Pop quiz: what is the best street for restaurants in London?
The question was put to me yesterday by someone who had been discussing it with friends. They had concluded St John Street (Farringdon) and Frith Street (Soho).
Nae bad, I thought.
I suggested, though, that Dean Street (Polpetto, Rosa’s, Dean Street Town House, Cay Tre, the new Duck Soup) is at least equal to Frith Street (Arbutus, Koya, Moolis and more). But thinking through all of those Soho venues, surely there must be better streets?
Bermondsey Street is staking a strong claim these days, what with José, Zucca, the Garrison and soon Pizarro in spitting distance of each other. The ten paces that take you past L’Autre Pied, Trishna and Roganic on Blandford Street is pretty punchy too.
Surely, though, no street or road beats the stretch that’s got Koffmann’s and Marcus Wareing at the Berkeley, Bar Boulud and Dinner at the Mandarin Oriental? It helps, of course, that technically this is the A4. So as well as those hotel restaurants, the road can also lay claim to 101, the top floor of Selfridges, (for the first 10 days of October) the Thomas Keller £250 per head French Laundry pop up at Harrods, Racine, and no doubt a whole host of other eateries on the way out west (including Best Mangal II at the West Kensington junction, which does easily the best kebab I’ve had in London).
What struck me most during this marginally embarrassing exercise in restaurant name dropping, was that, actually, A4 aside, no road in London is really that rich in quality eateries (bear in mind the question was about specific roads, not an area).
Moreover, there are quite a few roads and streets that you think must be, but on closer inspection are not. Upper Street in Angel is a classic example of a road that should be great to eat out on, but isn’t.
Does Stoney Street, which runs along the south edge of Borough market also flatter to deceive?
Of course it starts impeccably with Brindisa. But then the other restaurants don’t quite live up to expectation built by the surroundings (not least nearby Neal’s Yard Dairy, Monmouth Coffee and everything else that the market brings). I think Wright Brothers is fun, but these days they supply oysters to so many others, that I wouldn’t go out of my way to go there. Black and Blue? Err, no thanks. Feng Sushi? Not if it’s no better than its sister on Kensington Church Street (also not even close to the eating out destination it ought to be). And, although I’ve never been to Roast, neither have I met anyone who has been and said anything other than ‘fine, but far too expensive for what it is’. They’re all basically OK, but other than Brindisa, not worth a detour.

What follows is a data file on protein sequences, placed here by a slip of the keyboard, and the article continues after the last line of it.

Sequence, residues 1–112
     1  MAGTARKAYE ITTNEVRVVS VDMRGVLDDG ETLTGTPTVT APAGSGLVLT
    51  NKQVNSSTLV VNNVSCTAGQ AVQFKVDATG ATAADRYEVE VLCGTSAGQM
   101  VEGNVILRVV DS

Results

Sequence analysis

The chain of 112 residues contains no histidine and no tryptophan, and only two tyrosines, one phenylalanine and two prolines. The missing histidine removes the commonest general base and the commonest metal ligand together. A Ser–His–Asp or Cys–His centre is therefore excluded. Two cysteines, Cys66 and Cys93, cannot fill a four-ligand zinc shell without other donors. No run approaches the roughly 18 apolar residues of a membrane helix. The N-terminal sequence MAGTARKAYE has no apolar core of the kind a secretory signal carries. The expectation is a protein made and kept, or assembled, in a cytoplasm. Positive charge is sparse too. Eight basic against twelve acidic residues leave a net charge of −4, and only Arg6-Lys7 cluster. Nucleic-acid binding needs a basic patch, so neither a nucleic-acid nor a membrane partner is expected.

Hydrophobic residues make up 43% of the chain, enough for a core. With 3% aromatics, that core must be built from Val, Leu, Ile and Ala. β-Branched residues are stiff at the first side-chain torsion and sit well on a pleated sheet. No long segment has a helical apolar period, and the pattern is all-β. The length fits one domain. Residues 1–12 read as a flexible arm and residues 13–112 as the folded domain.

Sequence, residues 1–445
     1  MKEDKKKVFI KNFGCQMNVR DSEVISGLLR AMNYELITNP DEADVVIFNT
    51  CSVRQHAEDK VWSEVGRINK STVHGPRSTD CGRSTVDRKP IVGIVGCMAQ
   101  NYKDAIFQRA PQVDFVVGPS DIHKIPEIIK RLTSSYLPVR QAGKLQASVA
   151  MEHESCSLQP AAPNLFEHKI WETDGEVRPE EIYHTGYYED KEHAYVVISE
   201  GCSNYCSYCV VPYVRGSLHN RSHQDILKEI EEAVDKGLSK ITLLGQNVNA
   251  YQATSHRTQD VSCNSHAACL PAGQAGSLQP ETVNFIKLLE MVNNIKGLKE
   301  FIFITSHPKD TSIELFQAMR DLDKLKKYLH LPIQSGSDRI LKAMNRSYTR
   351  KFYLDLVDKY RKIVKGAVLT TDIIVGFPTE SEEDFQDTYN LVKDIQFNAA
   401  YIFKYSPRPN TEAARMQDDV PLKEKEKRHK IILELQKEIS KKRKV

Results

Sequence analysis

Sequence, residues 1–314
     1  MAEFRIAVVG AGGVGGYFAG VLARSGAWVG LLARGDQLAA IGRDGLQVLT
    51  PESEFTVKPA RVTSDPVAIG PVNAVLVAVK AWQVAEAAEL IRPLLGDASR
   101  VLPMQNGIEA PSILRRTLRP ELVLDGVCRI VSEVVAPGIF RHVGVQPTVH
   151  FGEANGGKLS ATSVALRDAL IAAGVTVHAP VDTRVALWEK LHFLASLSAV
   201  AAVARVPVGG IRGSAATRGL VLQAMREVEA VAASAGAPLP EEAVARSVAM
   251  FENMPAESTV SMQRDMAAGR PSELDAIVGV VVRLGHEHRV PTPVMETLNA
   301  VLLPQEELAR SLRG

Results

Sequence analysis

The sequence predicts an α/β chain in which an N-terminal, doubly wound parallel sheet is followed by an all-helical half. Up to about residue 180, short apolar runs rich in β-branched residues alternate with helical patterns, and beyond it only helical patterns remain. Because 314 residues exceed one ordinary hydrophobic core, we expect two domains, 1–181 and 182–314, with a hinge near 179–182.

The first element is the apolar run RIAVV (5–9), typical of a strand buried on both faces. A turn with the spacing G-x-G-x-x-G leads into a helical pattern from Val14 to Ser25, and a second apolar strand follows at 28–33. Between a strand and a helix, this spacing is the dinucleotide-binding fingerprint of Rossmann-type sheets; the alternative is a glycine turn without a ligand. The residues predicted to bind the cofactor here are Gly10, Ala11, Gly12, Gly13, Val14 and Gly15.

So I was intrigued to see whether Elliot’s Cafe, Stoney Street’s newest venue, would tip the balance.
Elliot’s does breakfast, lunch and dinner. I’ve only been for a quick meal in the evening (hence the long, space filling, but probably drawn out and boring list of roads and restaurants above). But I liked what I saw and ate and, when next in the area, would go back. In fact, I enjoyed supper when I went, but suspect it excels at the earlier mealtimes, so intend to return for breakfast, brunch and/or lunch.
If I were an estate agent, I’d say the room is nicely appointed. Good quality, but casual wooden furniture, bespoke fittings, bare brick walls, etc. It’s very SE1. The loos look to have received a slightly bizarre amount of attention – as the website says somewhere, it’s like Beetlejuice has been and laid down a marker. All in all, though, Elliot’s is a good place to sit and eat.
I liked the limited menu: 5 or 6 starters, 4 mains, a few desserts and cheeses. What those courses consist of changes regularly, depending on market availability. Nice.
When we were there, my friend and I shared four very fat oysters (my first of the new native season), served, as they should be, on loads of ice, though I’d prefer proper Tabasco to the chilli ketchup Elliot’s put out. A cold ox tongue, parsley and al dente to raw green bean salad was ace. Tasty and tender tongue and a subtle vinaigrette on the beans was all good.
I had partridge with creamed corn (excellent), bacon and grilled baby leeks for my main course and was mostly pleased with my choice. The good thing about a partridge is it’s bigger than, and so not quite as fiddly as, a quail. The bad thing about a partridge is that even bigger birds (guinea fowl, grouse and so on) can still be a bit of a ball ache to eat, so partridge will never be my favourite thing when I am pretending to have good table manners. I’m just never quite sure that, with knife and fork, I can get all the meat of the carcass and, in ultimately, whether it’s worth the effort.
My friend’s excellent caponata on a hunk of toast posed no such problems. Though I personally wished she’d gone for the brill or beef instead.
We finished with a decent cheese board, complete with rather impressive homemade oatcakes and crackers.
The drinks menu is interesting. I don’t often comment on this kind of thing, but it intrigued me. Positives included being able to choose from the full selection of the very locally brewed Kernal beers, most of which, I’m a fan of. The wine selection was varied, and offered more English options than you’ll often see. But the short list was actually a negative: mostly because despite the limited number of wines, there was a huge variety of price. So in reality, if you don’t want to spend loads, you are shoe horned into a choice from just one or two. I got over it, but I’m not sure it quite works.
From the evidence of this first visit, Elliot’s is not a ‘drop everything and go’ kind of place, but it is a decent addition to a street that, really, ought to be up there with the best of them.
Elliot’s in 3 words
Beetlejuice Beetlejuice Beetlejuice.
Mains were in the £15 region (the caponata £10). Starters about £7.50. Little desserts around £4.
www.elliotscafe.com – 12 Stoney Street (of course), SE1 – 0207 407 7436